Reset to Factory:

    Yes, as well. However, that process is better described here:

    http://forum.xda-developers.com/showthread.php?t=780141 

     

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  • Just to clarify, the phone does not need to be rooted to change service among Sprint/Ting/Verizon/<insert random MVNO>.

    All of these manipulations happen on the radio chip's NVRAM (Qualcomm Snapdragon, etc). This is separate and completely isolated from the android OS since the architecture for these parameters long predate android. They make no changes to the OS at all. In fact, for many phones, you can only change service while using the stock OS because the custom ROMs don't have the dial codes that turn the phone into a modem (diagnostic mode, etc). Returning the phone to original settings is just as easy as programming it again, assuming of course the original codes were copied down and kept safe.

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  • When I moved a EVO 4G to Ting I fought it for days.  I was using the hard method to track down and change all the many copies of the ESN and zero them before I could change it.  Just wouldn't seem to work.  After much frustration I rooted the phone and all went smooth as butter from there with no issues.  In hindsitght it could be that the rooting process changed the radio firmware but been months ago so I can't remember.  In fact I've tried to forget those few days.

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  • Alot of people run into this problem of not being able to zero out the meid/esn. What happens is that they are missing at least one address that needed to be zeroed out. I know there are guides out there that claim to give you all of the needed addresses, but in my experience there usually are addresses that aren't listed in those guides. So if you miss one address and then run the command to check the meid, some of the addresses you had zeroed out will revert to the original meid, meaning you have to go through and check all of the addresses you zeroed whenever you don't get all zeroes for the meid/esn check command. You also need to zero out the esn addresses as well. Now if you did get back a zeroed meid/esn, but can't write the new meid, check that you are entering it correctly, particulary the 0x00 (not 00x0) part that precedes the meid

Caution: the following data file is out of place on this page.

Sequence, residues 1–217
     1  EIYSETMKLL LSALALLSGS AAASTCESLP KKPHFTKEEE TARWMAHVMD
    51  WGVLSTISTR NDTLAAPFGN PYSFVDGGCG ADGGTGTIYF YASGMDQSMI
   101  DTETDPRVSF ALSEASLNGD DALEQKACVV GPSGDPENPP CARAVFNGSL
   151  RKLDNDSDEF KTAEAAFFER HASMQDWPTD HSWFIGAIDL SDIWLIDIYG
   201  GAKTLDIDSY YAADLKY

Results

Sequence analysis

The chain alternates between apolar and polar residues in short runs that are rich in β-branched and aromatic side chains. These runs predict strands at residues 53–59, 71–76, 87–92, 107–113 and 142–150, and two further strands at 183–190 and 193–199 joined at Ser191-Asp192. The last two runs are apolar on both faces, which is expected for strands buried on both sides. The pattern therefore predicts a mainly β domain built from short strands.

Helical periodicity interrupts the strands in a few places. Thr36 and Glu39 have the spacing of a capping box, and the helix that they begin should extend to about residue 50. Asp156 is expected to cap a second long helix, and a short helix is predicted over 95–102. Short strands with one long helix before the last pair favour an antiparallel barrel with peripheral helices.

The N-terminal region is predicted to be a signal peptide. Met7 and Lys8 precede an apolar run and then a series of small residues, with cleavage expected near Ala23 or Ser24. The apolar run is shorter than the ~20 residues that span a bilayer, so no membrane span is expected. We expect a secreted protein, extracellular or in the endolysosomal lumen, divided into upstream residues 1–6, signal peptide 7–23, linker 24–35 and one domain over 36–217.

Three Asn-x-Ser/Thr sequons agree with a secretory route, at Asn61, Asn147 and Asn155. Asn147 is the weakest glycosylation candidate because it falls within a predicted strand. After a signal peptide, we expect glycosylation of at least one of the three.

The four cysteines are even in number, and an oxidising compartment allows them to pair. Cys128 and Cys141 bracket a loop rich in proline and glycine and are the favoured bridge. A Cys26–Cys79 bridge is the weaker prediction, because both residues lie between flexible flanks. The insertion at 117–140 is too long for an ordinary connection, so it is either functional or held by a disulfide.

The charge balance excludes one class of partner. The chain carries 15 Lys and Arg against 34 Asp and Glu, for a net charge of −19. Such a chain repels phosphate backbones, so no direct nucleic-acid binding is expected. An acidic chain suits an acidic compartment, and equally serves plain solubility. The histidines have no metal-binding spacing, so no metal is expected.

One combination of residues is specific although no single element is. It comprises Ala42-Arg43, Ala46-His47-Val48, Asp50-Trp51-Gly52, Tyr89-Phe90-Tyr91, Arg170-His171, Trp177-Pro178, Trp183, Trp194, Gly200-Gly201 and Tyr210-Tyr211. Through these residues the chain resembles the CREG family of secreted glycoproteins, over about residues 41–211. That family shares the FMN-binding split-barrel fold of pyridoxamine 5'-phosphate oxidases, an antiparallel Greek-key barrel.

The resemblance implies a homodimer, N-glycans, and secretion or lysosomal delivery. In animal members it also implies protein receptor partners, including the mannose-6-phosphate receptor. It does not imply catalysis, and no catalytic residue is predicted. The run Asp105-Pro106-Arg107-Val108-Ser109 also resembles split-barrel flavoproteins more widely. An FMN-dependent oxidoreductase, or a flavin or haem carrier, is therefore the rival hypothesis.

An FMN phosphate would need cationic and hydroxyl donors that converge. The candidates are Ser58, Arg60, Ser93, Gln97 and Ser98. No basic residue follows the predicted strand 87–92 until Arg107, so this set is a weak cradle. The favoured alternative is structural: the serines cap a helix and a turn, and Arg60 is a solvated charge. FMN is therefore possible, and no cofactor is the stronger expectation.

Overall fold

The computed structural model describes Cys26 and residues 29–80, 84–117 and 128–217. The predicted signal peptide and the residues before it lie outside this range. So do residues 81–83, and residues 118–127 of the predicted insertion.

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  • I did this right before Thanksgiving 2012.  I still had my old EVO from Sprint and wanted to try out Ting.  I signed up for the Beta BOYD team and when I got an email from them I jumped on it.  I did have problems trying to wipe the phone of its old Sprint phone numbers and settings. I needed to do an MSL unlock and reset in order to get it to register on Tings network.  I had a Cyanongen 7.2 rom installed on the phone and it would not accept the commands from the phone keypad.  I had to falsh back to a stock HTC sense rom in order for the phone to accept the commnads but then after that it was smooth sailing.